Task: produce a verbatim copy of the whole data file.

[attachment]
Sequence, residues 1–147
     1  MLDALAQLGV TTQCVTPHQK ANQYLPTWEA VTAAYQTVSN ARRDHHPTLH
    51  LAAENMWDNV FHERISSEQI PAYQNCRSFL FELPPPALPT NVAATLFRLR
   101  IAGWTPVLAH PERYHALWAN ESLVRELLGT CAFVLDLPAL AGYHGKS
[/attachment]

Sequence, residues 1–147
     1  MLDALAQLGV TTQCVTPHQK ANQYLPTWEA VTAAYQTVSN ARRDHHPTLH
    51  LAAENMWDNV FHERISSEQI PAYQNCRSFL FELPPPALPT NVAATLFRLR
   101  IAGWTPVLAH PERYHALWAN ESLVRELLGT CAFVLDLPAL AGYHGKS